The Law that made the people what they were—their identity as a people came from the fact that they were people of the Law. The Law, with the Commandments at it heart, was essential to what it meant to be one of God’s people.
Sometimes Christians tend to sit easily to the Law, but Jesus himself emphasises how important the Law is in God’s relationship with his people. In Saint Matthew Chapter 5, Verse 17, he says, “Do not think that I have come to abolish the Law or the Prophets; I have not come to abolish them but to fulfil them”.
If the Law is part of the identity of God’s people in the days of Nehemiah, then it is part of the identity of God’s people today. The Church of Ireland has always acknowledged the place of the Law at the heart of its teaching. Our preparation for confirmation, requires that candidates be instructed in the Creed, the Commandments and the Lord’s Prayer. The Ten Commandments, the heart of God’s revelation to Moses, the heart of the Law, are at the heart of the Catechism, at the heart of the teaching of the church.
Have we ever felt like celebrating that we have the Commandments? When we read through God’s words to Moses, have we ever been filled with a sense of joy? We do not have an awareness of how important the Law is in our identity as Christians; we do not have an awareness that it is the Law, fulfilled in Jesus, that makes us different from the world in which we live.
At a Christian conference on aid and development, one of those present commented that she was not a Christian, but that she held similar values to Christians and that we should all work together on the basis of common principles. She looked askance when it was suggested that the difference in our principles was that her views were a matter of opinion; but for Christians, principles were not a matter of opinion but a matter of absolute imperative, to ignore them would be to deny our identity as Christians.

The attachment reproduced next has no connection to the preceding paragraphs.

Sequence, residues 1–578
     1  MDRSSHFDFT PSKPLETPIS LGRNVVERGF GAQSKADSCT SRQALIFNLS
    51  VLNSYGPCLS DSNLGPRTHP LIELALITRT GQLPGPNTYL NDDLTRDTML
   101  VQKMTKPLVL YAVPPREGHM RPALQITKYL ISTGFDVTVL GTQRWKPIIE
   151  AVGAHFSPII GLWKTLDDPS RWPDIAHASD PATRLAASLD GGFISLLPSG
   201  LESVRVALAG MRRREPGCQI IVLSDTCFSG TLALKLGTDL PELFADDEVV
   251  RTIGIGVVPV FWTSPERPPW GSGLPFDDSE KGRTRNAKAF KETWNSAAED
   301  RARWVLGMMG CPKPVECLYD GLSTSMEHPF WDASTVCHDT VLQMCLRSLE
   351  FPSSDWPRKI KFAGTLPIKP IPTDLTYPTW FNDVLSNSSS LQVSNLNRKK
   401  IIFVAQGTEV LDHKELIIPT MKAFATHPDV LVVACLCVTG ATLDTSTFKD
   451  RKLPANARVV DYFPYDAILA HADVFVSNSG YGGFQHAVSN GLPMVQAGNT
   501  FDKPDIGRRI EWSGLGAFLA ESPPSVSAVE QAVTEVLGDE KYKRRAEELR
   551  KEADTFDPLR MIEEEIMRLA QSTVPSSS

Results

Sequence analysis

The Law is absolute; it is God’s revelation to Moses; it is not a matter of negotiation or debate. The Law is the complete opposite of the world in which we now live where we are told that everything is relative, where we are told that everyone’s opinion is of equal value.
Jesus would dismiss the attitudes of our times, the “whatever” attitude which says that anything goes and that nothing really matters. He fulfils the Law because he is God’s absolute revelation. As was the case with the Commandments, so Jesus is not open to negotiation; the Commandments are there to be obeyed or to be disobeyed, Jesus is there to be accepted or to be rejected.
The Law is made possible because God has a personal relationship with Moses; the Law is made known to God’s people through someone who was far from perfect, but who was open to the voice of God. We can only ponder what Moses’ meetings with God were like, what astonishing moments they must have been.
In the giving of the Law, God has a personal relationship with one person, Moses; in Jesus, God offers a personal relationship with anyone who wants a relationship with him. We should keep God’s Commandments, not out of a sense of legal duty, but out of a sense that this our part of the relationship, that this is our joyful response to the God who loves us enough to send his Son to die for us.